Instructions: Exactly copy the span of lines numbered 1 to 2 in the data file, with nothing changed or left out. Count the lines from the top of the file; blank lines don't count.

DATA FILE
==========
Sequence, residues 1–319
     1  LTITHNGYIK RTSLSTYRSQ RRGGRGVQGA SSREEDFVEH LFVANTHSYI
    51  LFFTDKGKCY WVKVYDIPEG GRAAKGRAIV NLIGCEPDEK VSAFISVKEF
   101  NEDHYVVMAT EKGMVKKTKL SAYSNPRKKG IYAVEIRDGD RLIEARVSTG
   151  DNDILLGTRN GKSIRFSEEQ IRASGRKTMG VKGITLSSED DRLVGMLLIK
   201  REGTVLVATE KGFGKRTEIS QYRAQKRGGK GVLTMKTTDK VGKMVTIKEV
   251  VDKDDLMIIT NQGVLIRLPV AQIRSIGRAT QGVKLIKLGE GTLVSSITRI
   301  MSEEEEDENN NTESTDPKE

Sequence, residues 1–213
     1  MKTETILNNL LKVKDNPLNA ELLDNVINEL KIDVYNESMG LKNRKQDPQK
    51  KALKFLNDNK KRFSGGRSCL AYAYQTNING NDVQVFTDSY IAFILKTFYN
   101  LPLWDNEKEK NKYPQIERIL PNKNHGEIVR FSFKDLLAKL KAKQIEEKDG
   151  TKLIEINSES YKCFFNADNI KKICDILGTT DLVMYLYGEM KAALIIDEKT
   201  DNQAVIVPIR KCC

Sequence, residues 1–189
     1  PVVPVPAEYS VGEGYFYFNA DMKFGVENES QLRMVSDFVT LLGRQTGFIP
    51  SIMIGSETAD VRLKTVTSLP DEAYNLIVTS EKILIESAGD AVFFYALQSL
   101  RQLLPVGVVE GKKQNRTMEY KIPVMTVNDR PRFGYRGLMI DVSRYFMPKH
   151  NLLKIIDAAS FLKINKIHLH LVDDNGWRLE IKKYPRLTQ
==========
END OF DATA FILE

Sequence, residues 1–319
     1  LTITHNGYIK RTSLSTYRSQ RRGGRGVQGA SSREEDFVEH LFVANTHSYI